I went to Afghanistan at the end of 2020 to see for myself the impact of this endless violence.
The number of people in Afghanistan who need emergency aid has almost doubled in two years, to reach over 18 million. Some 5 million people are one step away from famine.
But despite these staggering numbers, I saw glimmers of hope. Dialogue between the Government and the Taliban towards resolving conflict has renewed.
And we can see opportunities where simple support to basic services through more sustainable programming – let’s say for example in the periphery of Kabul where you have irregular-favela like communities, including displaced people, barely surviving without access to these services.
Where there is opportunity we have to take it and be innovative in the way we programme – it cannot be same old, same old. We need new more community-based partnerships attending to their specific needs. These communities themselves need to own the programme. How we go about this depends very much on the level of risk we are prepared to absorb.
Finally to a crisis that is quietly burning as the world turns the other way: Burkina Faso, which is part of a wider spiraling crisis across the Central Sahel region.
The violence is largely fomented by extremist groups, and is wrapped up in struggles over land and resources, combined with fragile basic services, fragile governments, prolonged, intermittent droughts linked to climate change, and endemic poverty.
By the end of 2019 Burkina Faso had one of the world’s fastest growing displacement crises, with 1 million people forced to flee their homes.
Our humanitarian priorities include helping the Government establish safe conditions for returns. Massively scaling up humanitarian operations– and raising the funding to do so.
Lasting solutions must include better economic opportunities for young people. Building up the country’s basic services. Strengthening good governance. And very importantly, empowering women and girls.
All of these solutions go beyond the humanitarian mandate and involve stronger collaboration between the humanitarian and development sectors, and in some cases peace actors as well - as well as Governments, to bridge the humanitarian to development divide.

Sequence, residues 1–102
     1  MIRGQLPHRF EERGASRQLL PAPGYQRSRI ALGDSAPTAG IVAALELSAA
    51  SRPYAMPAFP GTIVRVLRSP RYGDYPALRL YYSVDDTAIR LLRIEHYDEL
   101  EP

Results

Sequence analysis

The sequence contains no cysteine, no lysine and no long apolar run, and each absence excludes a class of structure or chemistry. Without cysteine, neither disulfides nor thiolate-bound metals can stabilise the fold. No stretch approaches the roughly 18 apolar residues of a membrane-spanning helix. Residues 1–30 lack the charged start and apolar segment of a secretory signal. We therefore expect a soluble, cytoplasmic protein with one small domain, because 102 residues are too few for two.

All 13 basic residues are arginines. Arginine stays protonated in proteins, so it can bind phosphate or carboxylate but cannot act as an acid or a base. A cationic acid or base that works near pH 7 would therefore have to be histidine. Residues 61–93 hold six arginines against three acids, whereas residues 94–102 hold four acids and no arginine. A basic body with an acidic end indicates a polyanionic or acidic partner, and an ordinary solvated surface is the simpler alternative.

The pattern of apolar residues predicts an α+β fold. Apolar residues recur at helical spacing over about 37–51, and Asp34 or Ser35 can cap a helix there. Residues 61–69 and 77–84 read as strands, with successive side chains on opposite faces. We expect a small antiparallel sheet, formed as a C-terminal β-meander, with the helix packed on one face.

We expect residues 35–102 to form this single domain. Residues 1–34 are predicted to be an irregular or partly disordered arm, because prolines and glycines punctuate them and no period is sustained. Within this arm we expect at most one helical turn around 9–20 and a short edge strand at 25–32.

Some are trying to do this. The World Bank for instance, has launched a ‘prevention and resilience allocation’ to boost water, health and other basic services for the most vulnerable people.
I had the opportunity while in Burkina Faso recently, to visit the city of Kaya, just northeast of the capital Ouagadougou. There, UNICEF has linked its emergency water services to a longer-term plan to expand the Government’s water network. This is a great example of the kinds of sustainable solutions these fragile situations need.
These stronger collaborations are one way the humanitarian response sector is innovating.
Another important way is by shifting from a response-led approach to an anticipatory one.
Traditionally humanitarian agencies and donors are set up to watch crises unfold, at which point they mobilize the funding and logistics to mount a reactive response.
Shifting to an anticipatory approach means forecasting data to identify shocks which, when they reach a specific pre-agreed threshold – a certain amount of rainfall say, or the price of wheat in the market – will trigger an automatic response.
The idea is to avert crises before they happen. This approach must be underpinned by accurate data, and strong analysis, which is driving innovation across the humanitarian sector.
Findings from the growing number of anticipatory pilots around the world show this approach is swifter and has more reach thus saving lives and reducing suffering. And it is far cheaper and is more dignified for affected people
Today roughly less than 1 per cent of humanitarian funding currently goes to anticipatory financing. But we are setting out to increase this proportion.
So I hope I have given a sense of a few of the humanitarian crises and themes that we are currently grappling with.
And I hope that many of you will become future partners, who can help address the drivers of humanitarian need and deliver on the vision of the world we have at OCHA. That is, a world that quickly and effectively comes together to help crisis-affected people get the humanitarian assistance and protection they need.
I am now open to answering any of your questions.
- UN Office for the Coordination of Humanitarian Affairs
- To learn more about OCHA's activities, please visit https://www.unocha.org/.